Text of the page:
Military service personnel of faroff border posts of the Transbaikal border district have received the possibility to be concerned about the salvation of their souls. In accordance with an agreement on cooperation with the Orthodox diocese of Chita, a group of its priests traveled to the barracks where they conduct meetings with the border guards, discuss the basics of Orthodoxy with the servicemen, and distribute religious literature. According to the press service of the Transbaikal border district, visits of the Orthodox priests to the outposts have become a common phenomenon. Over the course of several months, "ministers of the cult" have performed religious rites at the request of defenders of the motherland. And the border guards, in their turnhave begun to give substantial aid to the church in restoring churches which had been destroyed.

Full Russian text (requires KOI-8 capacity to read): S avtomatom i evangeliem

Premier Chernomyrdin and his hometown church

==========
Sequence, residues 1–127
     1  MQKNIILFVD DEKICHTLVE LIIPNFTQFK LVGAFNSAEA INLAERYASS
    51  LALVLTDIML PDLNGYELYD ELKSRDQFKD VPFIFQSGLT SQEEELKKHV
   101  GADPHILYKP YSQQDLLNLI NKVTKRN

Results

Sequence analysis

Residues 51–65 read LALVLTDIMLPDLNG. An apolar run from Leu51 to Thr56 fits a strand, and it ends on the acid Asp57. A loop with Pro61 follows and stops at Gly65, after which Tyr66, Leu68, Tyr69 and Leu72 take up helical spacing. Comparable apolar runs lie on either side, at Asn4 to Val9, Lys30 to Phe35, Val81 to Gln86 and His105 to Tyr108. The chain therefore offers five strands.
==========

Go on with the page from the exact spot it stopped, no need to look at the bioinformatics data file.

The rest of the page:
Segodnia, 7 and 11 September 1996 (summary and excerpts)

Segodnia newspaper reported that Russian Prime Minister Viktor Chernomyrdin joined Orthodox Patriarch Alexis II for the dedication of the restored church of St. John the Divine in the premier's home town, Cherny Otrog in Orenburg region. In its first report on the matter the paper said that Chernomyrdin provided the money for the restoration project. In a followup article the paper reported that the rector of the church said the money for the restoration came from an investment group called "International Economic Cooperation," the gas industry, and the Orenburg regional charitable fund "Conscience." The first article said the following: "The village church of John the Divine, consecrated yesterday by the patriarch of Moscow and all-Russia, Alexis II, was built with the immediate financial assistance of the prime minister, which will be permanently declared by the plaque on the wall: 'This sacred temple in the name of the apostle-evangelist John the Divine was erected with the blessing of His Holiness Alexis II, patriarch of Moscow and all-Russia, and by the labors and zeal of the president of the government of Russia, Viktor Stepanovich Chernomyrdin, 1995-1996.'" The second article said: "The church, which was built over a period of seventeen months, was consecrated by Patriarch Alexis II. It is possible that some journalists were misled by the participation in the solemn ceremony of the head of the government of Russia, Viktor Chernomyrdin, whose relatives live in the village."